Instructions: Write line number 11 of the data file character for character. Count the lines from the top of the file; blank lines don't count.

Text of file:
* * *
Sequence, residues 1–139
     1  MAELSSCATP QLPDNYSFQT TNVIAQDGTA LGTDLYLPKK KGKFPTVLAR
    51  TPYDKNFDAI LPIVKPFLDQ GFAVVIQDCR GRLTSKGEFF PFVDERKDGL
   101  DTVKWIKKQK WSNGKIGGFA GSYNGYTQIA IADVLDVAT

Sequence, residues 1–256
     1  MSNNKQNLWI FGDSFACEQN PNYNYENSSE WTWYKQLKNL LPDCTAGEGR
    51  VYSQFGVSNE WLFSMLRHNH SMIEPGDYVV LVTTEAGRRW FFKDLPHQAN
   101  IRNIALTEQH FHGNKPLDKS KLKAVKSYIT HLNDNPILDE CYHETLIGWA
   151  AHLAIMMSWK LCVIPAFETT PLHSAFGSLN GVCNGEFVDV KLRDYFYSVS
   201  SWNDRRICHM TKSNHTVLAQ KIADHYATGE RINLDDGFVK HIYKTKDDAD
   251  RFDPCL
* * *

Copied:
   251  RFDPCL